Then it all went to pieces on me; I don't know how DH does it every day. First, while I'm on the bus going home, DH got a call from the guitar teacher, and he has to cancel the lesson because he has the stomach flu. Then when I'm getting into the car to go pick up older son, I get a call from a coworker; he can't figure out versions, and since I'm in a car without access to our version control system, I can't help him. Then I completely forgot to check older son's homework, so if he had any, it wasn't done, but at least DH had him practice piano. Then younger sons's after-school program had another staffing change, so there's the usual hassle of not having my name on the pick-up roster (they actually require someone sign that they've picked up their kid) and not having the same last name as DH and 'da boyz' - and this new guy keeps calling my kid by the wrong, too - who is that?!? Then younger son's a little jerk about missing his lesson ("Mom, you're late!"), and refuses to practice his guitar in lieu of the lesson.

At least dinner was easy. Heat up frozen pasta, green salad and garlic bread - although younger son had some less-than-kind comments about *me* doing the cooking instead of his Dad.

Posted by: sue | October 16, 2007 2:46 PM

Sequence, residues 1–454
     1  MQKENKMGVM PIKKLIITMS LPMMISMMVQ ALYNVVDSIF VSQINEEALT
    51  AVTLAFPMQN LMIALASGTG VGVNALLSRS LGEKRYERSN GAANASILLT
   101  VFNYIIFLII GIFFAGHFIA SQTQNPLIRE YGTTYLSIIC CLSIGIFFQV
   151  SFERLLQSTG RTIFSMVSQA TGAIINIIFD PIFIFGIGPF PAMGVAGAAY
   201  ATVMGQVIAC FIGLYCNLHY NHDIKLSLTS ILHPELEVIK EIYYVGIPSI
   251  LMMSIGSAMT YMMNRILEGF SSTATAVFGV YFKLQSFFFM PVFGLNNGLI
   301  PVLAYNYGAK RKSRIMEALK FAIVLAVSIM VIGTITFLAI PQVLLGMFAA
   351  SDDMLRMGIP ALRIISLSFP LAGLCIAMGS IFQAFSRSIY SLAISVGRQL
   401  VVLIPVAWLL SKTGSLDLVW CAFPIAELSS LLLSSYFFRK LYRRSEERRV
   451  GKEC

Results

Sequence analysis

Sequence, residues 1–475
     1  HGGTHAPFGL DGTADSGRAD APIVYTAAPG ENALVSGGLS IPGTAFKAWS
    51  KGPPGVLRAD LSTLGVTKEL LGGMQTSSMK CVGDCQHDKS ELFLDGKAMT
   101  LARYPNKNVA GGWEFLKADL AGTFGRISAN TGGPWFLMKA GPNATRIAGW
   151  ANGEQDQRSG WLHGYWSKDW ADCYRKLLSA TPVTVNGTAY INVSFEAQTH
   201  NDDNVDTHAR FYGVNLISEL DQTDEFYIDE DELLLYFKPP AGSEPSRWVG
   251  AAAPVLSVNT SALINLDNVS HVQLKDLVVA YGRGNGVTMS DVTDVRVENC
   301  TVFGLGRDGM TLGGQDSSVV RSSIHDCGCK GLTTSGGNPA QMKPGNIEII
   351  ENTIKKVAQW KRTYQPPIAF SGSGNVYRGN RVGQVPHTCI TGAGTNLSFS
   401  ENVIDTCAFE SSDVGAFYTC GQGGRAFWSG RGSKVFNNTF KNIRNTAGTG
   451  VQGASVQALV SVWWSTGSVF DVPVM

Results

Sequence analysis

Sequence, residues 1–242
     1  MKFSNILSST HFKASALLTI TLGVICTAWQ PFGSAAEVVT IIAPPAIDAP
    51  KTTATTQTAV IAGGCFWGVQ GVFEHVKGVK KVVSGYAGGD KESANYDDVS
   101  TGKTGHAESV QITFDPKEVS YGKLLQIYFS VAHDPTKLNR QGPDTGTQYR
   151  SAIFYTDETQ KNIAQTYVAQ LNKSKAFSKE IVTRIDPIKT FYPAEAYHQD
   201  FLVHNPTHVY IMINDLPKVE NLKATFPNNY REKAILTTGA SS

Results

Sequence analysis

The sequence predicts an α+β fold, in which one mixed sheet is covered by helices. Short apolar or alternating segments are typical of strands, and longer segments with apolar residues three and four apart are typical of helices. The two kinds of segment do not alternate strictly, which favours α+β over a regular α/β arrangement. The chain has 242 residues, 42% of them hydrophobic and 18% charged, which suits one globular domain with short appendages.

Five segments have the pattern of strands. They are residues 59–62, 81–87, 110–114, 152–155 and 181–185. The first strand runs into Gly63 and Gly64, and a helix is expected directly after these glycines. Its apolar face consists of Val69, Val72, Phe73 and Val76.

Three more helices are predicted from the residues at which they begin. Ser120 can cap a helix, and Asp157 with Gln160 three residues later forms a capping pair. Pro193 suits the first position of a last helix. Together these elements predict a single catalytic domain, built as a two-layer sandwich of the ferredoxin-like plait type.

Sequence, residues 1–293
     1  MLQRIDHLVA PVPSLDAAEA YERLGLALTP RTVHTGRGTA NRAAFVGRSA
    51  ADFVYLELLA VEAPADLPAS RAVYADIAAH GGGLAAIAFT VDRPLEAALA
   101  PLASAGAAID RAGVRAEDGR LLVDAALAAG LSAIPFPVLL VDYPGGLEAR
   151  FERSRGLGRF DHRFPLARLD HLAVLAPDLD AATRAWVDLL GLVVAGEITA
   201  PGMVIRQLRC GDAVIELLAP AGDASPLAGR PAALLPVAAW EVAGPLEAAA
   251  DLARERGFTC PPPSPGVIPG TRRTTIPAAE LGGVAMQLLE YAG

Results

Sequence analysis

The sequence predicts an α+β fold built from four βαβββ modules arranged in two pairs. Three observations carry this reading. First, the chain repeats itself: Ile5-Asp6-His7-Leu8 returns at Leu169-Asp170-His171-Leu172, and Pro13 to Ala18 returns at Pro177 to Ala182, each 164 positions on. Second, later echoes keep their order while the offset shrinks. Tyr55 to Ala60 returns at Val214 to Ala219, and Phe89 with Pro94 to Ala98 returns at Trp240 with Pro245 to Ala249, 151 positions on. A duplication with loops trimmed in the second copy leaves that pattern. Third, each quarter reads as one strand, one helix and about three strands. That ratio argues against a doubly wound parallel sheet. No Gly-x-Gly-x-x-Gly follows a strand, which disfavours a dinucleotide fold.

I am pretty impressed Dr. Aziz feels like she has accomplished any degree of balance, given that the first year after having a baby seems to be the hardest as you adjust to new routines and schedules.

Re: the earlier comments that she's not keeping up with the profession: there's a big difference between not going to conferences and losing touch with modern medicine. I'm not a doctor, but in the legal field, conferences and committees are more boondoggle than learning opportunity. Great way to network, make connections, market, build your name as an expert in the field, sure; not so much on the "staying current in the law" side of things. I read Dr. Aziz's blog as worrying about not building her own practice and name as much as she might like -- not to be fretting about falling behind the state of the art.

I have a similar balancing act going on (partner in law firm, 80% schedule, much shorter commute, but counterbalanced by 2 kids). And let me tell you, all that "professional" reading and training and all is the first to go -- because it's abso-freakin-lutely useless, and I Just Don't Have Time (not to mention patience) for that sort of crap nowadays.